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Oh sleep! It is a gentle thing, Beloved from pole to pole! To Mary Queen the praise be given! She sent the gentle sleep from Heaven, That slid into my soul. The silly buckets on the deck, That had so long remained, I dreamt that they were filled with drew; And when I awoke , it rained. My lips were wet ,my throat was cold, My garments all were dank; Sure I had drunken in my dreams, And still my body drank. I moved, and could not feel my limbs; I was so light—almost I thought that I had died in sleep, And was a blessed ghost.

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And soon I heard a roaring wind; It did not come a near; But with its sound it shook the sail, That were so thin and sere. The upper air burst into life! And a hundred fire-flags sheen, To and fro they were hurried about! And to and fro, and in and out, The wan stars danced between. And the coming wind did roar more loud, And the sails did sigh like sedge; And the rain poured down from one black cloud; The moon was at its edge. The thick black cloud was cleft, and still The Moon was at its side; Like waters shot from some high crag, The lightning fell with never a jag, A river steep and wide.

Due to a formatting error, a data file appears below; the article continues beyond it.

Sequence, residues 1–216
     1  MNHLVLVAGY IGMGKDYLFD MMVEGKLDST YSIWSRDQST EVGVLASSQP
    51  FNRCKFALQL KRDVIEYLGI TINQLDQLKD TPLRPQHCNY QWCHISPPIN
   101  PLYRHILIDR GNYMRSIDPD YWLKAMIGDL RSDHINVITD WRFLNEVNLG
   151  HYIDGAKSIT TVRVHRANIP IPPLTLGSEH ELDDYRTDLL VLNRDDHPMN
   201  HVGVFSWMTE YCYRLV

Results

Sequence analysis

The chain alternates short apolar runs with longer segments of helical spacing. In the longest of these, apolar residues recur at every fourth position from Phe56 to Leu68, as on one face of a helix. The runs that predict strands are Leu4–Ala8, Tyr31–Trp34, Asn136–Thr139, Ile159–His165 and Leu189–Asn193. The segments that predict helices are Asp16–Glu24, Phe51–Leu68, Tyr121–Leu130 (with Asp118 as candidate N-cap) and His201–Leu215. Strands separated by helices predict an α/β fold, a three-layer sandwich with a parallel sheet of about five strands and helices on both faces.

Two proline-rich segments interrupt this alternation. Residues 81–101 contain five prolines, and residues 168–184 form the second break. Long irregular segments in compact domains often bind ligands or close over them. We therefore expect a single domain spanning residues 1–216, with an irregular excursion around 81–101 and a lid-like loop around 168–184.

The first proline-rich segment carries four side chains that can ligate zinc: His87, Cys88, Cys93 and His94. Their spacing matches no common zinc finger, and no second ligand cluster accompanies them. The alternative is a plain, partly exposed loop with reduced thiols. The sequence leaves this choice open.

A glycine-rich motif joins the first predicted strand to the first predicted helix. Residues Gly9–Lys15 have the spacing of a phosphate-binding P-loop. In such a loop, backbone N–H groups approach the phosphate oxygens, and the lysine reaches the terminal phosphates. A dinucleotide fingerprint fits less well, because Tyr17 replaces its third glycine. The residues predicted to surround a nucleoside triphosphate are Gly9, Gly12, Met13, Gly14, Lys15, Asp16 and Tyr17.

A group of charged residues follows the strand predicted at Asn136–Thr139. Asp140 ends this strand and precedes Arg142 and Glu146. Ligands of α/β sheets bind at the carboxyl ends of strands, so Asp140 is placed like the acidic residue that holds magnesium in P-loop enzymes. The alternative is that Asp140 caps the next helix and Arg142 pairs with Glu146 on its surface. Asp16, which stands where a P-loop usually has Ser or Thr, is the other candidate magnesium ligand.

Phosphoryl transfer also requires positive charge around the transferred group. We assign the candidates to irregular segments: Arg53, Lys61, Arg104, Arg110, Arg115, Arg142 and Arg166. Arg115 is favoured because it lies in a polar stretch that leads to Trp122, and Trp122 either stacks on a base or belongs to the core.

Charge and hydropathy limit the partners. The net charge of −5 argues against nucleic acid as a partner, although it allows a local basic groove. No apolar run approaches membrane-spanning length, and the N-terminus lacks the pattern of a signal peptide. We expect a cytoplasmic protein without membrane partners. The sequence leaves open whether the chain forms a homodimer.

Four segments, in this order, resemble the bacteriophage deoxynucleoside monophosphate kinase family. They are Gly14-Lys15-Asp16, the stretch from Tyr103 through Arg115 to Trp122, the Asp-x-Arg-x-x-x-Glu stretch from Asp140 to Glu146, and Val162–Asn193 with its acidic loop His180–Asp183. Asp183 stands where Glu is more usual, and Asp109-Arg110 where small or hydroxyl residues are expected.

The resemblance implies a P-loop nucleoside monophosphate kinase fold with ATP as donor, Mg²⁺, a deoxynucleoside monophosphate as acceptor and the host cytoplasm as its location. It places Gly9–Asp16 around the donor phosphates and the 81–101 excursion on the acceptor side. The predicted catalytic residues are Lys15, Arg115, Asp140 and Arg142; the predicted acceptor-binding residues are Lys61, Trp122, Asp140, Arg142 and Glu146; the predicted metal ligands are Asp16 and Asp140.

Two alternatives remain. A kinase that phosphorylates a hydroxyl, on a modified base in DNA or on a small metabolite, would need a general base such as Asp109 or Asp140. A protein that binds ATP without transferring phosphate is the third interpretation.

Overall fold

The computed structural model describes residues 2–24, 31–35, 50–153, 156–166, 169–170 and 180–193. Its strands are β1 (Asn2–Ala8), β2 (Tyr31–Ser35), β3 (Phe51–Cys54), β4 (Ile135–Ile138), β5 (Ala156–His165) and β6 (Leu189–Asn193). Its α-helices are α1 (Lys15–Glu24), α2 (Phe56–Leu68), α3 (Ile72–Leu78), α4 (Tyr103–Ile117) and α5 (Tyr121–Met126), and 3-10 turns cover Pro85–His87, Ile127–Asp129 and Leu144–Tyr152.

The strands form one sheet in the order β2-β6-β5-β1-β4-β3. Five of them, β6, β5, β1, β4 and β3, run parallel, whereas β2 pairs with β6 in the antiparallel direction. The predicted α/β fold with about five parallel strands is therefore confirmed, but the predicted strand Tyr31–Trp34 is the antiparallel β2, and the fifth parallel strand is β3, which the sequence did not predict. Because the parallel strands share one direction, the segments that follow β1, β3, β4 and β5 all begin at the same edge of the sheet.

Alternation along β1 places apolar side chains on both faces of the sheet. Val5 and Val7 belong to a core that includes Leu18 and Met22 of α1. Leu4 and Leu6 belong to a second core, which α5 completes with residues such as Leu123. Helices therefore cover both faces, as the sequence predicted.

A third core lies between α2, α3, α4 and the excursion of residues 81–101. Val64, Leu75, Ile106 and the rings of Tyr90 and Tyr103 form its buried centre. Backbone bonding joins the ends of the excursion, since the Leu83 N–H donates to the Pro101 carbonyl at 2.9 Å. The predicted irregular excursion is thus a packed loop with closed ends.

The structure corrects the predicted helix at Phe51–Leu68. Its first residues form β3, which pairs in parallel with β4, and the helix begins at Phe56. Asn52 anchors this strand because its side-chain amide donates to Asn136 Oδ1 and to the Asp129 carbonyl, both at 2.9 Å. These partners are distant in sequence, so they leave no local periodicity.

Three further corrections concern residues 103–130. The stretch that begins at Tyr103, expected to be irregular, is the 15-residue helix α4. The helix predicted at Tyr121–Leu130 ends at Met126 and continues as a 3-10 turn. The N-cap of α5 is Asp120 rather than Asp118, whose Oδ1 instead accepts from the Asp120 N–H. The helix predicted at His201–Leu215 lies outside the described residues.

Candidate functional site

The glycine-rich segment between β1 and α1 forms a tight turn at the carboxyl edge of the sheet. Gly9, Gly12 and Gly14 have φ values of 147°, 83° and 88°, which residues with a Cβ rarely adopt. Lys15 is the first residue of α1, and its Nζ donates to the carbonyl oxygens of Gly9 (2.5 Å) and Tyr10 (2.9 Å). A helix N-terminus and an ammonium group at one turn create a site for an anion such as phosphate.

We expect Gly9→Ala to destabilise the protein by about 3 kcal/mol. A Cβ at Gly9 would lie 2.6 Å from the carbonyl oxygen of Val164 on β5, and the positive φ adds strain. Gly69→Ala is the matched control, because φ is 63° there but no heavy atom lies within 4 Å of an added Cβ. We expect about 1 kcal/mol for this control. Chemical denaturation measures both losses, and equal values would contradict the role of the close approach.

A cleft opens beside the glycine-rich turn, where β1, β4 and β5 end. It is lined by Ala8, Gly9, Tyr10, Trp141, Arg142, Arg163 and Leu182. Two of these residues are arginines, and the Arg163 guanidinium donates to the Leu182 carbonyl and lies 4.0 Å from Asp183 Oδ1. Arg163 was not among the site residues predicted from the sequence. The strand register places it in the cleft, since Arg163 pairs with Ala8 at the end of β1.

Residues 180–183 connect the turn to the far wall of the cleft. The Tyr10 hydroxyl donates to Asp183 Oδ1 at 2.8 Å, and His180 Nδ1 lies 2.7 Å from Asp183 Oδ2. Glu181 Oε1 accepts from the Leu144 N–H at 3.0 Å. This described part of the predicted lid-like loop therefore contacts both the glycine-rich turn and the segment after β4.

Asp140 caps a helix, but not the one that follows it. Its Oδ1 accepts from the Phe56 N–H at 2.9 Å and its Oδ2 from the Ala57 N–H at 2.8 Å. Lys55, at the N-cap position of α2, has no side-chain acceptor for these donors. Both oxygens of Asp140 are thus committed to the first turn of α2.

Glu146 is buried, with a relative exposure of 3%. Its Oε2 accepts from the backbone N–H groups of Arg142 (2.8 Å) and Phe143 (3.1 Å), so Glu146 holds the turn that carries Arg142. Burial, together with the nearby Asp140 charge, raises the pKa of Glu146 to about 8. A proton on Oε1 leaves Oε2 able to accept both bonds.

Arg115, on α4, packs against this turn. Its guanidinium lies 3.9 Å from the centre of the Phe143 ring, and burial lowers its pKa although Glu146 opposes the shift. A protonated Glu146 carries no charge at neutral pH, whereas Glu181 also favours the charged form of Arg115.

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The loud wind never reached the ship, Yet now the ship moved on! Beneath the lightning and the Moon The dead men gave a groan. The groaned, they stirred, they all up rose, Nor spake, nor moved their eyes; It had been strange, even in a dream, To have seen those dead men rise. The helmsman steered, the ship moved on; Yet never a breeze up blew; The mariners all ' gan work the ropes, Were they were wont to do: They raised their limbs like lifeless tools-- We were a ghastly crew. The body of my brother's son, Stood by me, knee to knee: The body and I pulled at one rope, But he said nought to me.